By Nancy Mendez-Booth —
The smell of mayonnaise takes me back to a bad place.
I’m four years old, sitting on the linoleum floor of my childhood home’s living room in Queens, New York. “Fat Albert” is playing on the television. I’m shirtless because my mother doesn’t want the mayonnaise in my hair to drip onto my clothing. That’s right: The mayonnaise was in my hair. According to Milagros, Mami’s cousin in Puerto Rico, mayonnaise did much more than add creaminess to egg and potato salads. Milagros claimed it was also a deep conditioning hair smoother, and my mother followed her cousin’s instructions carefully every Saturday.
First, Mami sat on a chair behind me and gripped my shoulders between her knees. Next, she sectioned my hair. Then she worked in the mayonnaise, section by section, with a fine-toothed comb to tame what she called my nido de ratones (rats’ nest), enjambre (tangled mess), or escobillon(frizzled broom). She raked through and tugged at my hair fiercely, as if the devil himself had gotten stuck in my tangled mess. A raw scalp and the smell of mayonnaise were a small price to pay for salvation from bad hair.
“You’ll be pretty,” my mother assured me all those Saturday mornings when she left me sitting in front of the television, slicked and smelly, to allow the mayonnaise to work its reputed magic. Globs used to slither behind my ears onto my bare shoulders and slide down my back. I pretended I didn’t smell mayonnaise but the magically delicious Lucky Charms advertised between cartoon segments. After 30 minutes, Mami rinsed my hair with freezing cold water, set it in huge rollers to dry, then wrapped it around my head doobie-style to stretch out any remaining kinks. Every week, I prayed to whatever supreme being determined the weather and Our Lady of the Glass Smooth Hair for humidity-free days and miracle mayonnaise that would straighten my hair permanently and spare me from the five-hour Saturday ritual.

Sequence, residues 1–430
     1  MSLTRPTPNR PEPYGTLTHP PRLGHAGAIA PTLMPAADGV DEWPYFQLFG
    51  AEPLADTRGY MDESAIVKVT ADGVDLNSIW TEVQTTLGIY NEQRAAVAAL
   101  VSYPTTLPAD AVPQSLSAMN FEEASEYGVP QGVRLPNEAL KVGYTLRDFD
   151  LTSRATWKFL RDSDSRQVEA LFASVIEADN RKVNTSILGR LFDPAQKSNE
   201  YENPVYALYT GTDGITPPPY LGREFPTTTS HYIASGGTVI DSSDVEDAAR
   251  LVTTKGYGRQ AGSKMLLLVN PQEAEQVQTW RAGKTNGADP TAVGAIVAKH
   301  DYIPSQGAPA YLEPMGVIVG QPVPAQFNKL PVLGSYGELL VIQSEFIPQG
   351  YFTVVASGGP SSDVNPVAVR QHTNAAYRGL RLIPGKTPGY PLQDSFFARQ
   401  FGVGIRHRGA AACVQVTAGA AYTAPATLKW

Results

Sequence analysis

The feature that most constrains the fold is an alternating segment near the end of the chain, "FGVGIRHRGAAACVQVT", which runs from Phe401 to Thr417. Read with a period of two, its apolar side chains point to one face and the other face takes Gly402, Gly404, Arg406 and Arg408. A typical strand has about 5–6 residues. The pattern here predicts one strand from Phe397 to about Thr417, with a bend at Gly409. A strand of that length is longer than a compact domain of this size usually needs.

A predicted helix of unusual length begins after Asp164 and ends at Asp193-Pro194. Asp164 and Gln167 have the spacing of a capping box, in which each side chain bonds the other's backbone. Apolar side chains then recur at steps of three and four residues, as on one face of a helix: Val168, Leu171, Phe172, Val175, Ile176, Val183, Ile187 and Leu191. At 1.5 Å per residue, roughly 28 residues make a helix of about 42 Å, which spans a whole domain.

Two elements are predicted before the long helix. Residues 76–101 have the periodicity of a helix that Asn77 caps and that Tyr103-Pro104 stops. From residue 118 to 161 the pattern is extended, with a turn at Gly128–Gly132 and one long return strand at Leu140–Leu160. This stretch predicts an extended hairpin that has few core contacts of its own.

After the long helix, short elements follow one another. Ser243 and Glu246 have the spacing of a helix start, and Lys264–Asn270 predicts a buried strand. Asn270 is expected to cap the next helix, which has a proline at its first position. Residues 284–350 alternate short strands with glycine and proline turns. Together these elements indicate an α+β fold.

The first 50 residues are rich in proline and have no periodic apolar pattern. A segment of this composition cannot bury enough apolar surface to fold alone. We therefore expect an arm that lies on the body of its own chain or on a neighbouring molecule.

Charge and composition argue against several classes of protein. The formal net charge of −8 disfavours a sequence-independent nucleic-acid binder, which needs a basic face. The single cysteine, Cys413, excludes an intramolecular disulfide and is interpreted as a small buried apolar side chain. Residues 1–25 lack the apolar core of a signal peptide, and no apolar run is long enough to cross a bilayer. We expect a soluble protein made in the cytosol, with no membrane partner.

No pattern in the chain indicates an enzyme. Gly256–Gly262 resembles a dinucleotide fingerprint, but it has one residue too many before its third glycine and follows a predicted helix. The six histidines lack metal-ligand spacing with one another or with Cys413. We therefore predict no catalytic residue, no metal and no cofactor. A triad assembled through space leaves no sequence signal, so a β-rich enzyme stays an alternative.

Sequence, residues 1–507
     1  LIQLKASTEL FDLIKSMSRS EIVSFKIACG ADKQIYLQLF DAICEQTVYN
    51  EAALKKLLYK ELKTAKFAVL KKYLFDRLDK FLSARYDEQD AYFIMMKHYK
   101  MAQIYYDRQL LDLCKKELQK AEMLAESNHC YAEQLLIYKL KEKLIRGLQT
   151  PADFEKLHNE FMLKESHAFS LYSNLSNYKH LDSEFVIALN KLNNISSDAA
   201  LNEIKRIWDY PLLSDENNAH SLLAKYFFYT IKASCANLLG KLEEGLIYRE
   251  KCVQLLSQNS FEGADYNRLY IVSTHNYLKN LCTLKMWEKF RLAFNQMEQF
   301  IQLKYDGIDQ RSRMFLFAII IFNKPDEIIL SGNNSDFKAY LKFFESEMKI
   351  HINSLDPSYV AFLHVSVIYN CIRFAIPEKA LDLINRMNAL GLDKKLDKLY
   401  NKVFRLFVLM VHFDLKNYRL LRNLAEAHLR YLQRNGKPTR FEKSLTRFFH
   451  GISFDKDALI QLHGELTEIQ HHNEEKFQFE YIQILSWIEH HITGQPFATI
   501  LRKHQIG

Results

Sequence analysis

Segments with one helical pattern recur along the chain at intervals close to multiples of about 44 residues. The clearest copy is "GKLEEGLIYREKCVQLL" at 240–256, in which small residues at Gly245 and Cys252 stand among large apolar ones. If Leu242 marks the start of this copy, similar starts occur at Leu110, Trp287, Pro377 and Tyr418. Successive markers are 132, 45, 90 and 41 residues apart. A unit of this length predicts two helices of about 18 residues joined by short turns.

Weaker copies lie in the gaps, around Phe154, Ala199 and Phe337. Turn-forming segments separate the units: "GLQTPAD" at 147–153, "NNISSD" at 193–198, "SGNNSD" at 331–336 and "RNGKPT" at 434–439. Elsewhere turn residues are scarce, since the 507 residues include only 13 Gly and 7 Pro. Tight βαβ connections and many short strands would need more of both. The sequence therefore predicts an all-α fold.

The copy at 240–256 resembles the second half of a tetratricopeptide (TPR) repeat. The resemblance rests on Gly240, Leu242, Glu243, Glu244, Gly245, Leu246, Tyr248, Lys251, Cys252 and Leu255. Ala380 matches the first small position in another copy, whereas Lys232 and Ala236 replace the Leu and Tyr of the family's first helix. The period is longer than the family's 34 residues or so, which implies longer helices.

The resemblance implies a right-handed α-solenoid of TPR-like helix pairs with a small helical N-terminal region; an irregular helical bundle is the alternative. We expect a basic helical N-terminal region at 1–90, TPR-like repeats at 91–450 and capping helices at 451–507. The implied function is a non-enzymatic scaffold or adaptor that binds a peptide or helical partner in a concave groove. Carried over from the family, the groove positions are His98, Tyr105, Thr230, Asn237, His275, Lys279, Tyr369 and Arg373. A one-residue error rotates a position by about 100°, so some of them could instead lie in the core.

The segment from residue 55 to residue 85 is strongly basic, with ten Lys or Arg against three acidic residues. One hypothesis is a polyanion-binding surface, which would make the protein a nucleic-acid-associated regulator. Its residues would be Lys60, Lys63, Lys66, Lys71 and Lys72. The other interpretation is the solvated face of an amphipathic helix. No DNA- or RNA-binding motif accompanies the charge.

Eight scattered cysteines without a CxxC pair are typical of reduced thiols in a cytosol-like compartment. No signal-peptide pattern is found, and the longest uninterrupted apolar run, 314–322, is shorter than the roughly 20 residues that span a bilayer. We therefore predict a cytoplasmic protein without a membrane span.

The Spanish word for curls is rizos, but I didn’t learn that word until middle school. My first Spanish vocabulary lessons took place on those Saturday mornings with my shoulders gripped between my mother’s knees. Four decades later, I still know more hair-related words—in two languages—than I do words for discussing my finances, cardiovascular health or car maintenance. Kinky. Nappy. Frizzy. Pasa. Nido de raton. Enjambre. Messed-up. Black-girl hair. Brillo. Wooly. Coarse. Damaged. Troubled. Unruly. Unprofessional.
My coils defy the widely held Latina commandment “Thou shalt not be seen in public with ese pelo malo (that bad hair).” Many Latinas will walk out of the house with their hair set in enormous multi-colored rollers (the more discreet among us will wrap it under a scarf), but never with their hair in its natural state. I was taught the consequences of bad hair were dire, even for a good girl like me. My straight As, kick-ass running and athletic prowess, and ability to converse about world affairs in impeccable English wouldn’t matter. No one would ever get past my hair. No one would take me seriously. No one would hire me. No man would want me. What would people think?